The first part of our research work concerning the parallel aerodynamic code FLUSEPA has been to design an operational MPI+OpenMP version based on a domain decomposition. We achieved an efficient parallel version up to 400 cores and the temporal adaptive method used without bodies in relative motion has been tested successfully for complex 3D take-off blast wave computations. Moreover, an asynchronous strategy for computing bodies in relative motion and mesh intersections has been developed and has been used for 3D stage separation cases. This first version is the current industrial production version of FLUSEPA for Airbus Safran Launchers.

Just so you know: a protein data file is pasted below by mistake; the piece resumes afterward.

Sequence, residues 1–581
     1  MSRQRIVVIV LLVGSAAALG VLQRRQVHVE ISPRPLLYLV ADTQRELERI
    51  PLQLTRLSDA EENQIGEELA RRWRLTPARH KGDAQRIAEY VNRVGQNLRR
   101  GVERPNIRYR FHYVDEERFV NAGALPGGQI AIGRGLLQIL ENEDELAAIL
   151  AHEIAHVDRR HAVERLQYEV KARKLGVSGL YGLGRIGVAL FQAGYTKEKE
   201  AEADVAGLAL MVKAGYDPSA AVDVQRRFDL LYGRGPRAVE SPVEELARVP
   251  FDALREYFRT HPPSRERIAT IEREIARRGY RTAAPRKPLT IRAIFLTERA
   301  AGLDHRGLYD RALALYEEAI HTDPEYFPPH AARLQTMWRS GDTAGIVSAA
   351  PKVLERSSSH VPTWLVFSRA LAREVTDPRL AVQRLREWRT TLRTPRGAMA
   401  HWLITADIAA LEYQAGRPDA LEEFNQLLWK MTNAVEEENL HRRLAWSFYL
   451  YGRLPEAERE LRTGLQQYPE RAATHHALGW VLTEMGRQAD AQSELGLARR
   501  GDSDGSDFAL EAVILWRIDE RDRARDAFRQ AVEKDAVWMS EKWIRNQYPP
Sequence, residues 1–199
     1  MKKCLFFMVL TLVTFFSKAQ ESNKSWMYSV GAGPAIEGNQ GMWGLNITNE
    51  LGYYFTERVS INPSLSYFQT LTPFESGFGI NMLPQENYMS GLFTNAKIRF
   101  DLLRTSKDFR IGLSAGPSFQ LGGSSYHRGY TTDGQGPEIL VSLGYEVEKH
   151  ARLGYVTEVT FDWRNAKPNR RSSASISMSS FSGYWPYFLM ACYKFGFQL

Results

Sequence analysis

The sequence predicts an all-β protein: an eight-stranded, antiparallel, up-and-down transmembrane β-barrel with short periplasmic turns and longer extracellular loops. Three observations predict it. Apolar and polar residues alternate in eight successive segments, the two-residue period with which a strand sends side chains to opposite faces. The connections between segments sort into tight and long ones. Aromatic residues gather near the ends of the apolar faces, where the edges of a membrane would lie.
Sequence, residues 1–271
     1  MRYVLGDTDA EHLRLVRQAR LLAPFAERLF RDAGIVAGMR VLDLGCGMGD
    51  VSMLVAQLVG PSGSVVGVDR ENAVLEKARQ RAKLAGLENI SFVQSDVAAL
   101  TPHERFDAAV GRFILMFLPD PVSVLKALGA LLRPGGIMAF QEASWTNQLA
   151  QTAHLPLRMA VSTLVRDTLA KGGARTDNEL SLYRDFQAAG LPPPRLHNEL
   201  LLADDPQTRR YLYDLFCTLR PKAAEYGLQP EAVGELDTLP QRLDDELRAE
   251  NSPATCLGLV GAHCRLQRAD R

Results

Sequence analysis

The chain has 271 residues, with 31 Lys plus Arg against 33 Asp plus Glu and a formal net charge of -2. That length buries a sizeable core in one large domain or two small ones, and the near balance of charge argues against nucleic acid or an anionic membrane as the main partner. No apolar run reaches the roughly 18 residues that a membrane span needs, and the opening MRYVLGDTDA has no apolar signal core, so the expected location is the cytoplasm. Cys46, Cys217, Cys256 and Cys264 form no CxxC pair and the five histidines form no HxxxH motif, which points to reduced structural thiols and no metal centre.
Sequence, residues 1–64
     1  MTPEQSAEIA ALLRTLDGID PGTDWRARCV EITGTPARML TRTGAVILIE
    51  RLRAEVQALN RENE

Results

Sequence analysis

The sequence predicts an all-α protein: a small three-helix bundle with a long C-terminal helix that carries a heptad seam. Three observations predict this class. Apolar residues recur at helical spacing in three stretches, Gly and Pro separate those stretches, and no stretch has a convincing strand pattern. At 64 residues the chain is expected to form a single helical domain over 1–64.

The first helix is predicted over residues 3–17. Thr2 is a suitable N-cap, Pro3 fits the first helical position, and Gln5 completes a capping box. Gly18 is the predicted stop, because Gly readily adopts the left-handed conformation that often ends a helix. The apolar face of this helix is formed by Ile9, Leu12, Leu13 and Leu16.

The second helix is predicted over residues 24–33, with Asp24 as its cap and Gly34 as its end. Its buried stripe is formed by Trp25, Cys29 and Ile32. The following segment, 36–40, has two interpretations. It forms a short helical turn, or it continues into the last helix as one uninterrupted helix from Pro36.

However, this intermediate version shows synchronization problems for the aerodynamic solver due to the time integration used. To tackle this issue, a task-based version over the runtime system StarPU has been developed and evaluated. Task generation functions have been designed in order to maximize asynchronism during execution while respecting the data pattern access of the code. This led to the re-factorization of the FLUSEPA computation kernels. It's clearly a successful proof of concept as a task-based version is now available for the aerodynamic solver and for both shared and distributed memory. It uses three parallelism levels : MPI processes between sub-domains, StarPU workers in shared memory (for each sub-domain) themselves running OpenMP parallel tasks. This version has been validated for large 3D take-off blast wave computations (80 millions of cells) and is much more efficient than the previous MPI+OpenMP version: we achieve a gain in computation time equal to 70 % for 320 cores and to 50 % for 560 cores. The next step will consist in extending the task-based version to the motion and intersection operations. This work has been carried on in the framework of Jean-Marie Couteyen's PhD (defended in September 2016) in collaboration with Airbus Safran Launchers (, ).